Ever get the nagging feeling that everyone knows how to do some obvious thing except for you? This is the feeling I’ve long had with updating my Rails test fixtures. All self-respecting Rails developers know that a strong test infrastructure is a key aspect of any Rails application. And test fixtures are generally seen as the key component that drives test cases. But no Google query I’ve figured out yet has shown me a good way to keep my fixtures updated as my database changes. I’ll going to discuss our current working solution here.
What are fixtures? (aka: newb background information)
For newbs that might not have started their testing yet: test fixtures represent each table in your database as a single file (usually in YAML format) that contain specific, known records you can refer to in your tests.
For example, we have an items fixture that loads in a bunch of sample items records our tests to which our refer. A single record in this items YAML file looks something like:
title: "dummy item"
Fixtures are usually created initially by exporting the data from one of your real database (development or production) running rake db:extract_fixtures. This will create a fixture file for every table, with the records in every table labeled something like “item_001″, “item_002″, etc. As you can see in the example above, my tendency is to rename these records so that they are more semantic. This makes it easier to remember which fixture record is which when loading them in my tests, by having syntax like item = items(‘
items_not_valid_not_committed_missing_price‘). A lot easier to remember what that item represents later on, then having it named item = items(‘item_001′)… and then six months later asking “What was the item number 1 record again? Oh yeah! The not valid item because it was missing price! Of course.”
Sounds fine to me. So what’s the problem?
The problem is what happens when your database changes. Especially for an application in the midst of development, the database might change weekly. However, if you re-export your fixtures from the database, you’ll lose all of your custom-named fixture records. You’ll also lose any special cases you might have setup. In our case, we have records where we set stuff like “item_expires_at: <%= 1.day.from_now %>”, and that ain’t gonna fly if you re-export the database.
If you don’t re-export the database, though, then you are left with hundreds of records that are missing (or have extra) fields after your migration. What’s a developer to do?
The partial answer: The Rails Fixture Migration Plugin
This plugin, developed by Josh and Jake is a good start. After installing it, you can run “rake db:fixtures:migrate” and automatically have the fields that were added or removed in your migrations correspondingly added or removed from your fixtures. But there are a number of caveats:
* The code breaks if it finds empty fixtures. This can be fixed by wrapping lines 14-16 in migrate_fixtures.rb with an if so they only try to load non-empty fixtures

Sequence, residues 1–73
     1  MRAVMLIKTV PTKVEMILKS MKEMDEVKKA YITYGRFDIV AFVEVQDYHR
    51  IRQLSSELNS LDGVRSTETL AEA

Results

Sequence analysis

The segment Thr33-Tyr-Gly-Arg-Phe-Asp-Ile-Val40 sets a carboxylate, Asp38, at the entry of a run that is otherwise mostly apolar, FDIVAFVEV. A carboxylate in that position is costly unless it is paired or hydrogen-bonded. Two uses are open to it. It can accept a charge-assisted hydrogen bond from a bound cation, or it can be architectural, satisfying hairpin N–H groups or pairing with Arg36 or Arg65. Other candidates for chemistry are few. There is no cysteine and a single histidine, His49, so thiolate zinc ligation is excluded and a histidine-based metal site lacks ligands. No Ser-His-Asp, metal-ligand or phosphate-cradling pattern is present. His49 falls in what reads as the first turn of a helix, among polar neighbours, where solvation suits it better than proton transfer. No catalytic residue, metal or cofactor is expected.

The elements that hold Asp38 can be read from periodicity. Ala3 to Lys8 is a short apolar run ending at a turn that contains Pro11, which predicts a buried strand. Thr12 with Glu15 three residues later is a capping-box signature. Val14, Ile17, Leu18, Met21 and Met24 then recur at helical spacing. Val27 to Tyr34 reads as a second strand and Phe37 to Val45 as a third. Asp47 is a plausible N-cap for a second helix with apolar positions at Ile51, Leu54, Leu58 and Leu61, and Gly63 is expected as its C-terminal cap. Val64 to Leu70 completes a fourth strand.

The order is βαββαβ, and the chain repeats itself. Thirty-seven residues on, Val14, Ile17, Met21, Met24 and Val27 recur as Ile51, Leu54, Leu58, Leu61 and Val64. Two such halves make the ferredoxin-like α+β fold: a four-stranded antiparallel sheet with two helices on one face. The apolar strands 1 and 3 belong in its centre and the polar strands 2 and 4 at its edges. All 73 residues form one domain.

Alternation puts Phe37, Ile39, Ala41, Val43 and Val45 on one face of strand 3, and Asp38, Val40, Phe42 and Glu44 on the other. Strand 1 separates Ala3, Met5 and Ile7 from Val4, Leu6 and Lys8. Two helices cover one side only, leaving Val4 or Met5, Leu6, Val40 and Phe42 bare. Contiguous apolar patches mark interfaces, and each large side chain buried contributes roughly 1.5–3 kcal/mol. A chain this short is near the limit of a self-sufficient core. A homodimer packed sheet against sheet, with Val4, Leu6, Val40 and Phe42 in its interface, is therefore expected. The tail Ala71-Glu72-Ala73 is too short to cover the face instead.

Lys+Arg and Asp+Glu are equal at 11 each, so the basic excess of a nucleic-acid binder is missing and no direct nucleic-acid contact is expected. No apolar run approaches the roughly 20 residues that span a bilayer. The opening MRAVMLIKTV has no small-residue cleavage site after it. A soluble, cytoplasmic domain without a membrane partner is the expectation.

* The code evaluates and replaces any inline Ruby in your fixtures. So the previously mentioned “item_expires_at: <%= 1.day.from_now %>” will become “”item_expires_at: March 29, 2008″ after migration. I’ve just worked around this by manually replacing those substitutions after running the migration. A bit more annoying is if you have code that does any loops in your fixtures. For example, we have a loop that creates 50 similar items in one of our fixtures, and the fixture migrator simply doesn’t understand what this code is doing, giving an exception when it tries to run it. For the time being, I just remove this loop before migration and re-add it after migration. A pain, surely, but less of a pain than adding new fields to the other 100 records in our items fixture.
* The fixture migration fails with some ambiguous error code if any of the fixtures it wants to migrate already exist. The fixture migration uses a schema_info.yml file in your /test/fixtures directory to keep track of the fixture migration. If you, for example, create a new scaffolding that creates both a migration file and a new fixture, the fixture migration tool will break when it gets to the migration to create the new table, because it seems the new table is already a fixture in your directory.
All in all, they are surmountable obstacles for us at this point, given the lack of other options.
The “better” answer: Uhh…
I’ll be curious to hear if other developers have a more elegant way to deal with the problem of writing tests that stay relevant as your database changes? One school of thought is that one could just write methods that create the records you need programmatically, avoiding fixtures altogether. This has crossed my mind, but fixtures are nice since they come pre-generated, and I think they are generally easier to read through than a hash that creates a new record. A bigger benefit of fixtures is that they are automatically placed in the test database, so you get all the interconnections between your tables loaded at once. It seems to me like it would be quite a headache to create an entire database of data programatically.
So, slightly painful fixture migrations it is, so far.
You can get your own copy of the slightly pain Rails migration plugin here.